Church Records

Given that Ireland had no full civil registration system until 1864 and all but all our 19th century census records have been destroyed, Church records form a vital part of our genealogical past.

It is important to have some knowledge of what religion your ancestors may have been before we consider examining church records.

Roman Catholic Church records are available on microfilm in the National Library for almost all parishes. However, given the beleaguered history of the Church in the 18th century, many parishes’ records only begin in the early, to mid, 1800s. Roman Catholic Parishes kept baptism and marriage registers, but rarely burial records.

Many registers were kept in Latin but are not especially difficult to interpret as the same type of information is repeated for each entry.

Early registers for baptisms will show little more than the date of baptism, the name of the child and the name of the parents and sponsors (godparents). The maiden name of the mother is often given which can prove very useful.John & Harriet Bragg

More contemporary registers will often give the address of the family and the occupation of the father. Likewise with marriages, early registers will tend to just give the date of the marriage, the names of the bride and groom and the names of the witnesses. Contemporary registers often contain a wealth of additional information including addresses and occupations, together with names (and maiden names) for both parents of the couple.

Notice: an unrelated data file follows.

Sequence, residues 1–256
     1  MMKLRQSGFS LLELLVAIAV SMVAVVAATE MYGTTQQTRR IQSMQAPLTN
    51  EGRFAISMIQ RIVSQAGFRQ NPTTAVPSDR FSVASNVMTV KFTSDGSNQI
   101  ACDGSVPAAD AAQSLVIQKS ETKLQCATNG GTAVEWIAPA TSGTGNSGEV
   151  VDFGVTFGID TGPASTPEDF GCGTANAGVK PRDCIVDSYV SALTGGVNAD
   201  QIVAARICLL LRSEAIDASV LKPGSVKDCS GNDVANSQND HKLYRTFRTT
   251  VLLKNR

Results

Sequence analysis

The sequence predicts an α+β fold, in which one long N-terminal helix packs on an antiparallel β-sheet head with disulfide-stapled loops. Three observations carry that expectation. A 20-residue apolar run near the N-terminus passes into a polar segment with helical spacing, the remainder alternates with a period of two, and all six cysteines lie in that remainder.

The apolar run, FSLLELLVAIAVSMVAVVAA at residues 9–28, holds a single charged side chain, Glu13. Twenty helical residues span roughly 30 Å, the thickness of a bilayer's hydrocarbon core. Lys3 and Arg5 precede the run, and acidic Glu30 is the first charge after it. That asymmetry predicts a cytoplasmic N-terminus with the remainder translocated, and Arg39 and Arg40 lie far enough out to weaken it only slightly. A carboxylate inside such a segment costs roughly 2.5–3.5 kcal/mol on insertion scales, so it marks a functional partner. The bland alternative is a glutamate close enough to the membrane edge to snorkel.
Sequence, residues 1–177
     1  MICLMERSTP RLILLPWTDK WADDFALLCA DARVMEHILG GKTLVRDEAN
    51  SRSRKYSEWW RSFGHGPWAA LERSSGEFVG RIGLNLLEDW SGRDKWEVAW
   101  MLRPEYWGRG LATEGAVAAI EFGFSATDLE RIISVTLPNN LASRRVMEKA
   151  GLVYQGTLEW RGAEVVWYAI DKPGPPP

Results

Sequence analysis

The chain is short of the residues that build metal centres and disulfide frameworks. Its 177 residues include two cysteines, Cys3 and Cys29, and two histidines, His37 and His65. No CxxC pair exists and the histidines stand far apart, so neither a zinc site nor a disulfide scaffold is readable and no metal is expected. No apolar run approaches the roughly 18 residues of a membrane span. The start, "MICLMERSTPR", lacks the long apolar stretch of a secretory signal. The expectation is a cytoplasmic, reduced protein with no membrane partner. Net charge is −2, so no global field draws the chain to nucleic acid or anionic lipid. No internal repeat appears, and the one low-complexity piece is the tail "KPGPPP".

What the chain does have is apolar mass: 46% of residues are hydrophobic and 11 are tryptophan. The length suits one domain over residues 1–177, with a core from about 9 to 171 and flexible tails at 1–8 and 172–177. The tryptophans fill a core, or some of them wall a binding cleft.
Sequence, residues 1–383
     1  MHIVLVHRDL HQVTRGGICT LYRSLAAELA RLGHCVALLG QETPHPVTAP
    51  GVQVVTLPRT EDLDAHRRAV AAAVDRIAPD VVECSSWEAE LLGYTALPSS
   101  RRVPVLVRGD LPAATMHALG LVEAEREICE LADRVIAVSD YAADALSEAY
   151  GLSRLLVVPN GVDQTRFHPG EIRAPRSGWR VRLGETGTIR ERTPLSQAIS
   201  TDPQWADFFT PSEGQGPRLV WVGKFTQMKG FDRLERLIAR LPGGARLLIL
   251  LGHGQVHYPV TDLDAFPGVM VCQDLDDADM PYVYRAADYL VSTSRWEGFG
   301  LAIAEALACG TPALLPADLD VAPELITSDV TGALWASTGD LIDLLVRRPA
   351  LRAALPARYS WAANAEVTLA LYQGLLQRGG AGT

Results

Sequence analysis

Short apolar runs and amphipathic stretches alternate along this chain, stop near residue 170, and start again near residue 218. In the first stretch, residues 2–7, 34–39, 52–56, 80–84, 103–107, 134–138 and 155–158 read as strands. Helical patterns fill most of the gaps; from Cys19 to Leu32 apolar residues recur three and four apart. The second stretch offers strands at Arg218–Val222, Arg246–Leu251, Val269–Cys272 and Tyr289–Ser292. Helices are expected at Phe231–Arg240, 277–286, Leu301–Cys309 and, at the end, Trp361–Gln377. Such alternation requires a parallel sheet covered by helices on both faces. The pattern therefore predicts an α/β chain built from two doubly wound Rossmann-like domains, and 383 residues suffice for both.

Church of Ireland Records are often held by the Representative Church Body at its library in Churchtown, Dublin. More are held in local parish custody.

However, and most sadly, many Church of Ireland records are lost to us. As the Established (State) Church, they were required to deposit their registers with the Public Records Office. At least half of all parishes complied with this order without retaining any local copy - and their records were destroyed in the 1922 fire.

Church of Ireland records, where they remain, tend to include burial registers in addition to baptism and marriage registers.

Despite being the Established Church, parishes were not obliged to have any standardised format. Registers will contain similar information to those of the Roman Catholic Church.

However, unlike Roman Catholic Registers, baptism registers will not give the mother’s maiden name but will often give the address of the family and sometimes the occupation of the father.

Marriage registers, similarly, will never give information about the mothers of the bride and groom but tend to give addresses.


Presbyterian & Methodist baptisms and marriages before the early 1800s were often recorded in Church Of Ireland registers.

The Public Records Office of Northern Ireland has microfilmed copies of most Ulster Presbyterian and Methodist registers. Other registers can be harder to track down as they tend to be held by local congregations which did not necessarily fall inside specific geographic boundaries.

Records for Quaker, Jewish and other religious communities also exist in Ireland.


Irish Family Footsteps can undertake research of Church Records on your behalf. Please complete our Assessment Form for a quote.